In the 2018 midterm election, a record number of women were voted into Congress, but the number of Republican women serving in the House and Senate will drop from 23 to 13.
Christina Hagan, the youngest woman ever elected to the Ohio legislature, said conservative women aren’t getting elected as often because it’s more difficult for them to make it through the primary races.
“Our primary process is set to help the more conservative person succeed or the more liberal person succeed,” she said at Fortune‘s Most Powerful Women Next Gen Summit in Laguna Niguel, Calif., on Wednesday. “Unfortunately, in our party, I believe a lot of women are more moderate.”
Hagan gave credit to Rep. Elise Stefanik from New York, who led recruitment for the National Republican Congressional Committee this year. She doubled the number of GOP women candidates for congress, launching more than 100 women into congressional races (though only one, Carol Miller in West Virginia, went on to win a seat).
“What [Stefanik] found was she wasn’t able to get Republican women through the primary because the establishment party was not willing to really participate,” she said. Stefanik challenged the GOP Tuesday to “put their money where their mouth is” when it comes to backing female candidates within the party.
Hagan, 29, decided to run for Congress this year after serving for eight years in the Ohio state legislature, where she has worked on decreasing the state’s budget deficit, crafted controversial labor reform laws, and championed an anti-abortion “heartbeat bill,” which she called “an arrow at the heart of Roe v. Wade.”
“I realized we have a great need for conservative leadership from a young, female perspective,” she said. “I knew I was willing to take the tough votes in the Ohio legislature and I’d be willing to take them in the congress federally, so that’s why I ran for congress this past term.”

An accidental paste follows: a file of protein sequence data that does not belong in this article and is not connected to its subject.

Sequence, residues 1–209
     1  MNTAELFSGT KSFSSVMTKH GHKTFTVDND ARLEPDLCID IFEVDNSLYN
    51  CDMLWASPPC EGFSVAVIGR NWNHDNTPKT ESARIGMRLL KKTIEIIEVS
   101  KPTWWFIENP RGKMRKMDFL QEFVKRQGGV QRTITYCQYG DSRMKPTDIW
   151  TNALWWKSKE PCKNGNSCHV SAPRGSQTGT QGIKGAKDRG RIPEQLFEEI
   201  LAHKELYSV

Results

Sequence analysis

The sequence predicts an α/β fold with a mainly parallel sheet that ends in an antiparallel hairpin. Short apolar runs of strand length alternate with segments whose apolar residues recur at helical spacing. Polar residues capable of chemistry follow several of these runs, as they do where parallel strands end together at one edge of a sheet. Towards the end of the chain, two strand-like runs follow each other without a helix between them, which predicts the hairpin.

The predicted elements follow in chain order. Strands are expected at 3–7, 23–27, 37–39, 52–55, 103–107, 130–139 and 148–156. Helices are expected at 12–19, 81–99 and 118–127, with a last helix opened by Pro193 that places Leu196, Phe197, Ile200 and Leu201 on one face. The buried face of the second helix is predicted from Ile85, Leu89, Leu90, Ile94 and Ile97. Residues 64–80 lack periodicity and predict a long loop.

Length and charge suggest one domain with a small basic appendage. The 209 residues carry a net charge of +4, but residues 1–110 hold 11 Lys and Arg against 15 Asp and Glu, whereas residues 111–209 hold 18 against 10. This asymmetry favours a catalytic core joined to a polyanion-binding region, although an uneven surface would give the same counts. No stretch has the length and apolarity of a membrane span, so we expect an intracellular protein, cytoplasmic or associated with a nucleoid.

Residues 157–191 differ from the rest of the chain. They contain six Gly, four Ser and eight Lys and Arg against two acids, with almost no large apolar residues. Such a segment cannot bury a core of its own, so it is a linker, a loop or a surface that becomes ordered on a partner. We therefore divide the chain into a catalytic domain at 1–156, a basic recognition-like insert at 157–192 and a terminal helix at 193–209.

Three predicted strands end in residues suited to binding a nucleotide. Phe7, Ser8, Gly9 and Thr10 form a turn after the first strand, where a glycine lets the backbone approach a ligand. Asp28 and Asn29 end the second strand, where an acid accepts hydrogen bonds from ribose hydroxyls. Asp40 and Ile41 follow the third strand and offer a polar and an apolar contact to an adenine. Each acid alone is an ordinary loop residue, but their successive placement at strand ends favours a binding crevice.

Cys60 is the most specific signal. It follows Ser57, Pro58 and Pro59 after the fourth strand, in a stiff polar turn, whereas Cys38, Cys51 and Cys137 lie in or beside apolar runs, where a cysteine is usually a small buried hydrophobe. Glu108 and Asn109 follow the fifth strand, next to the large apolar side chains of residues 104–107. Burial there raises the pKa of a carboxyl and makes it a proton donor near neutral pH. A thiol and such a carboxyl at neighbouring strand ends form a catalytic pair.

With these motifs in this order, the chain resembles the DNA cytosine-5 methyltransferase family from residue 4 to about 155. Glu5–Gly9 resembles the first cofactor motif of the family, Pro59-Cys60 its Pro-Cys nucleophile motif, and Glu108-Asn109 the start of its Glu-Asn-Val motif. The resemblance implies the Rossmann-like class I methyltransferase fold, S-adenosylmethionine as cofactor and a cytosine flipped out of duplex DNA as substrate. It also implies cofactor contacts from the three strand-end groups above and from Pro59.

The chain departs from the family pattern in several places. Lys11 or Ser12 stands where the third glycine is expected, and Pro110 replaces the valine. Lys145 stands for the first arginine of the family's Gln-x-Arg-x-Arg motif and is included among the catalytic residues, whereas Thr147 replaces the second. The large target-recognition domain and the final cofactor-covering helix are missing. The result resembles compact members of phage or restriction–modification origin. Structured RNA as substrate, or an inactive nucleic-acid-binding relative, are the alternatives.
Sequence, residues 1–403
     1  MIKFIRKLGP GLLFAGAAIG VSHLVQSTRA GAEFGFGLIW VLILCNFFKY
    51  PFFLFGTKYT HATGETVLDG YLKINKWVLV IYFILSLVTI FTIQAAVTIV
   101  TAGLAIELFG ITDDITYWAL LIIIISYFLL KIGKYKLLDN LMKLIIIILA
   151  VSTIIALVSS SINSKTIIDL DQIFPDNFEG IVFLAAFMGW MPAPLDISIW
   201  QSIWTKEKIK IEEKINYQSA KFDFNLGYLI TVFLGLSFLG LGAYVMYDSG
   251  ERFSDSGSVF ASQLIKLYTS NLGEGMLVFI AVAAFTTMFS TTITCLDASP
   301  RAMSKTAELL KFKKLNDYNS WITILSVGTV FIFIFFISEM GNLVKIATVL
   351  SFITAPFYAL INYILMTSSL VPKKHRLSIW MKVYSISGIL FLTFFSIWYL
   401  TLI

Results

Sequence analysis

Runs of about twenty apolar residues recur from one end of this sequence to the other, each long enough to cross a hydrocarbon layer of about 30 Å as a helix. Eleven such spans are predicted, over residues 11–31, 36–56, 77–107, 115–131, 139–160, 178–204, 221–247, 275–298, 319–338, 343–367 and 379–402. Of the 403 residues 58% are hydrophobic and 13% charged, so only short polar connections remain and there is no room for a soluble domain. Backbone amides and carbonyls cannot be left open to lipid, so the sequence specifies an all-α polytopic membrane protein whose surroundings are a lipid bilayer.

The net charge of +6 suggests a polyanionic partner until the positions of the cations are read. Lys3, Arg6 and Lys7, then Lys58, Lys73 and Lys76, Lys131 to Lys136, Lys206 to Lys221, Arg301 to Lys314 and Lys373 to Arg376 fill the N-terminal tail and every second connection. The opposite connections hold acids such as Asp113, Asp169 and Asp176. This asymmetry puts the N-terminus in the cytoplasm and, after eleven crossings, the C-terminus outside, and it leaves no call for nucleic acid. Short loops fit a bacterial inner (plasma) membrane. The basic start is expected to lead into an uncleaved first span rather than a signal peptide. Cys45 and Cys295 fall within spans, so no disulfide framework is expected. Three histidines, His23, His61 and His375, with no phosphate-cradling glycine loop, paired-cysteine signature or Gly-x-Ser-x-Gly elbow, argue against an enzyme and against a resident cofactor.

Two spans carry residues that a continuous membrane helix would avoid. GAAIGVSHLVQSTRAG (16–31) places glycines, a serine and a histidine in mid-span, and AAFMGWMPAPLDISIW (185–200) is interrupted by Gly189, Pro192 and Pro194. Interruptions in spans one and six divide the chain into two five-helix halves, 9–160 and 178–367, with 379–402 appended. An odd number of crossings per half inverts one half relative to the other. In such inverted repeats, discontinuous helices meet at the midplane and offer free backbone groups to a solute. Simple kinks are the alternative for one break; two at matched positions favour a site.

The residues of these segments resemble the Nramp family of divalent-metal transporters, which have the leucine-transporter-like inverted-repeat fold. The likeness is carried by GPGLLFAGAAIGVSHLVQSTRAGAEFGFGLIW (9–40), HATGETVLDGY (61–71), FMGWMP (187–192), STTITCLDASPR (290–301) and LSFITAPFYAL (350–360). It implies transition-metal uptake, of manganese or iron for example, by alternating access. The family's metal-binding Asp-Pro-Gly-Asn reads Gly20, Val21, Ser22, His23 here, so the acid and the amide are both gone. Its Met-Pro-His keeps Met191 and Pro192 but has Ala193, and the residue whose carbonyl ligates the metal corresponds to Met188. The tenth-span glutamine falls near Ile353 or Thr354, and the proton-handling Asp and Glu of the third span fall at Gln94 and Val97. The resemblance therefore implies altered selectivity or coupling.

Despite aligning herself with President Trump and feeling that she had strong support from the Republican base in her district, Hagan lost the primary. She attributed the loss to the $1.4 million spent against her in the campaign.
“Finances are so key in politics and it’s so unfortunate because someone comes from a blue collar background like me and who has successfully served and legislated doesn’t have as much opportunity as someone who who has direct strings to a purse,” she said.
While Hagan reaffirmed her support for President Trump, she said Republicans lost the House of Representatives due to the failure to move forward with the agenda the president laid out in his campaign.
“When you don’t deliver on campaign promises, people are dissatisfied and they should and they can remove you. I think we’re seeing that pushback,” she said. “I do believe that the president has done a lot of things right, but he’s also failed to deliver on a lot of things that were integral to his mission. I think that he needs to get back on track.”